The rest of the story describes Mark's (and, once they realise what has happened, NASA's) efforts to stay alive. He's lucky that he's the engineer and the botanist of the mission – both specialities come in very handy in his battle for survival against substantial odds.
Oh, and just to confirm – the Martian of the title is Mark, no little green men involved here. I haven't double checked the details, but all the technology, calculations and modifications appear feasible and sound (if sometimes optimistic), and so does the approach to the Mars missions (everything is sent and landed separately from the crew) so this can, in my opinion, be considered Hard SF.
The story is told in log entries by Mark, dated in Sols (ie Mars days), except for some inserts displaying activities by NASA, and by Mark's mission colleagues on their long and unhappy trip back to Earth; these are told in classic 3rd person form.
There are loads of calculations on how to survive the time to the next expedition – the main challenge are calories, as he has enough protein and vitamins and air; to create more calories he requires soil which he can make, and water which is trickier... never mind something to plant and grow. And things spiral from there, as he continues to modify and change the environment and technology at his disposal to use and abuse it to his benefit. Some of the solutions are actually really rather clever, and surprising, whilst other parts come across at times a bit MacGyver In Space, with added science, of course...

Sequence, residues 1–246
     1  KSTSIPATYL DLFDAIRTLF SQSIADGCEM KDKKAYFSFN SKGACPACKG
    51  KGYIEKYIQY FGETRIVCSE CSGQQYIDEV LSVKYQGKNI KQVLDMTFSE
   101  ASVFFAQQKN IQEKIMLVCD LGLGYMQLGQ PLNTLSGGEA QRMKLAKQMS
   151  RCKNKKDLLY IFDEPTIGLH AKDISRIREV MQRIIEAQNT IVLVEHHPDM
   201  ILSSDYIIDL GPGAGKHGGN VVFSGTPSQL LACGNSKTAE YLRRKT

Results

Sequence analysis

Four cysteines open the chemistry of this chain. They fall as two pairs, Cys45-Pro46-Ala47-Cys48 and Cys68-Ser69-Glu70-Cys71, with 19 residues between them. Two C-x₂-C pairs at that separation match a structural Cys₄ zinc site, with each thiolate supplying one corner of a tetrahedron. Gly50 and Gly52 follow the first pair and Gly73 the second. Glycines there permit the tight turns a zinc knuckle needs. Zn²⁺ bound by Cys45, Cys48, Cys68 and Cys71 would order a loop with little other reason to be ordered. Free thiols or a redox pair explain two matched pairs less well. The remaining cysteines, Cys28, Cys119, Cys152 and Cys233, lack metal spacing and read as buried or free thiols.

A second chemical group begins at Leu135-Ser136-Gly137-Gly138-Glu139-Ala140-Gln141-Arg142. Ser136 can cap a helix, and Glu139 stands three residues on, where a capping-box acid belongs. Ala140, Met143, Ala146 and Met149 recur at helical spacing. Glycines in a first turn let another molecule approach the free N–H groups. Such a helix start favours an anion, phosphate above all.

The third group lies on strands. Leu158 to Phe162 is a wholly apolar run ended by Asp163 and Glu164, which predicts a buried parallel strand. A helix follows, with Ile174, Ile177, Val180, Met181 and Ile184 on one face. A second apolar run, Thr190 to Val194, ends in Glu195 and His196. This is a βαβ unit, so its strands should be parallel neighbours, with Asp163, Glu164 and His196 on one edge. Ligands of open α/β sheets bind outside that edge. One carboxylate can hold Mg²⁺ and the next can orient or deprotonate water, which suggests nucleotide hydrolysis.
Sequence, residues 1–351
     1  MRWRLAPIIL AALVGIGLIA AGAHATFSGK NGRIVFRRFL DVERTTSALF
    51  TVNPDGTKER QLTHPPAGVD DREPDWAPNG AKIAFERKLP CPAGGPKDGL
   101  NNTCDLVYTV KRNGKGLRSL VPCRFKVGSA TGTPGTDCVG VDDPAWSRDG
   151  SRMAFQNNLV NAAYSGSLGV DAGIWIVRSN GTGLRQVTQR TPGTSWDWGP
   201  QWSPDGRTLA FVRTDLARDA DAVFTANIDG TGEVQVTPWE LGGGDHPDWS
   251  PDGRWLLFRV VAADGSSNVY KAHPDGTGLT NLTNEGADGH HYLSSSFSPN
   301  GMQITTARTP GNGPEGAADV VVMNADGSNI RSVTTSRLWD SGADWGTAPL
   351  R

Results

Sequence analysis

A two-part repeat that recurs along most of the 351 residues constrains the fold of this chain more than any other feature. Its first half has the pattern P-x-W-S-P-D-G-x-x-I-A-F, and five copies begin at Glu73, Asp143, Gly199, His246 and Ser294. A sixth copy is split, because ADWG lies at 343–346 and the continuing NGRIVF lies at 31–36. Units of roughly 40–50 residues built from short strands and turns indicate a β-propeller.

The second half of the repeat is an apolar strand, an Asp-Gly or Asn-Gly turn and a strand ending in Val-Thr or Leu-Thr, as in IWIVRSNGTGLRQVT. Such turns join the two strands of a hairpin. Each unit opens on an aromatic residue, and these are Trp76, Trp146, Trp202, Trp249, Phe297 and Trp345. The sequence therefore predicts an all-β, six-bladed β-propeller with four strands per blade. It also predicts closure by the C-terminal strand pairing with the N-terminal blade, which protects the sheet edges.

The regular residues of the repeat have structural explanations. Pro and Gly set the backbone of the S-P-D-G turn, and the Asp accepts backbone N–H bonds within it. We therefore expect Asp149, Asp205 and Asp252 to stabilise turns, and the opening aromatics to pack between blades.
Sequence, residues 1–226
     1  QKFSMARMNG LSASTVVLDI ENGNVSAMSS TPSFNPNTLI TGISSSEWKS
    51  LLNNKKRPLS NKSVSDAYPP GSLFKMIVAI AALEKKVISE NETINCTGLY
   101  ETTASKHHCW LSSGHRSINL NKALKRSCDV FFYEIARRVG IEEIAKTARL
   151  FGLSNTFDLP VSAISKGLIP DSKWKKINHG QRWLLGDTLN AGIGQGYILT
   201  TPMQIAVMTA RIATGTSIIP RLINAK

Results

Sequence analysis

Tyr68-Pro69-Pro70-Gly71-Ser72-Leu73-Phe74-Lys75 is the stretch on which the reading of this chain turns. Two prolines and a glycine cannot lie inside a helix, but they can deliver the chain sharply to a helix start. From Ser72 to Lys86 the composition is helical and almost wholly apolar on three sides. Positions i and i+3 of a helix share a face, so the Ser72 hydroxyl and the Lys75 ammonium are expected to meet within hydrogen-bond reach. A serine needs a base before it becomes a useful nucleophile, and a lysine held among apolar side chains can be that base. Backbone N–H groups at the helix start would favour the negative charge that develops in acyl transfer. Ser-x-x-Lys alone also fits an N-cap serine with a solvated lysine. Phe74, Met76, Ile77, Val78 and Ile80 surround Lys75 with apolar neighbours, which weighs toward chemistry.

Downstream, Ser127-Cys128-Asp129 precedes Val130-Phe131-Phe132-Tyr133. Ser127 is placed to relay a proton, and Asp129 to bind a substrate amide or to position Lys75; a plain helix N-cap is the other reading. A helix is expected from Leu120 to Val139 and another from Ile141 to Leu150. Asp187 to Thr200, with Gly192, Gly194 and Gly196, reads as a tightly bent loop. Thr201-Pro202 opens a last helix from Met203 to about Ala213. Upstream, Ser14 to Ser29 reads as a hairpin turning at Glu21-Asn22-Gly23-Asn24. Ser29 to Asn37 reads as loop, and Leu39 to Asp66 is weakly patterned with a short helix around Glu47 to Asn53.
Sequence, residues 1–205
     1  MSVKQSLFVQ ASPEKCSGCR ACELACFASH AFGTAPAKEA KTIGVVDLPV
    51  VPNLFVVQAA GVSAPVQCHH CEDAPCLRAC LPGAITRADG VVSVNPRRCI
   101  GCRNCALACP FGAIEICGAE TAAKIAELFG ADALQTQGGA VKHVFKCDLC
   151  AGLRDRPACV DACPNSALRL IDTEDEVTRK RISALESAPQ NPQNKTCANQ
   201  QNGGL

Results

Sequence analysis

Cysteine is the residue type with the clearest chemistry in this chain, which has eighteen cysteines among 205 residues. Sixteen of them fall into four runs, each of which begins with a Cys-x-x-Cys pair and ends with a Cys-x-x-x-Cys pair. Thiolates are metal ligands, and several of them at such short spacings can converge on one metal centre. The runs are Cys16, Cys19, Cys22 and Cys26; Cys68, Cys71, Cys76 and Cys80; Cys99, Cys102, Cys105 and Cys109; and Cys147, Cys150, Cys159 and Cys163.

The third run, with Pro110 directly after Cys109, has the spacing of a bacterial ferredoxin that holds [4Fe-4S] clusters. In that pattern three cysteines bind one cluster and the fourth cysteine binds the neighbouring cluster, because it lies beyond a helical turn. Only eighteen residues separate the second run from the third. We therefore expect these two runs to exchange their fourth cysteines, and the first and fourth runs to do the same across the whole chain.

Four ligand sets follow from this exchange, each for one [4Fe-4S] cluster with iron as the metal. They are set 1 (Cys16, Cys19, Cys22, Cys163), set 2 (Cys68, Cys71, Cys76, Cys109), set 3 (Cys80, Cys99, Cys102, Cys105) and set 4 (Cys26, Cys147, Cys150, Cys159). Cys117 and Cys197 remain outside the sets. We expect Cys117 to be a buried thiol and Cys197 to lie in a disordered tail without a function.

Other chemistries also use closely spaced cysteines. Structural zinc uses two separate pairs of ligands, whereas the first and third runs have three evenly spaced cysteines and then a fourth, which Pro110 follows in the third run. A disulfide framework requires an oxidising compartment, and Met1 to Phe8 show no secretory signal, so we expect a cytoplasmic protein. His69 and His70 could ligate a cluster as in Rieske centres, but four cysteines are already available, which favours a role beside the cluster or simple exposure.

I liked the narrator's voice - smart, snarky, clever, sarcastic, ironic. and for someone facing death unless he pulls himself out of the swamp by his own hair, surprisingly laid back. Or maybe focused. Staring death in the face either brings despair, or pathological focus trying to avoid this fate. Including the lackadaisical voice:
“I suppose I'll think of something. Or die.'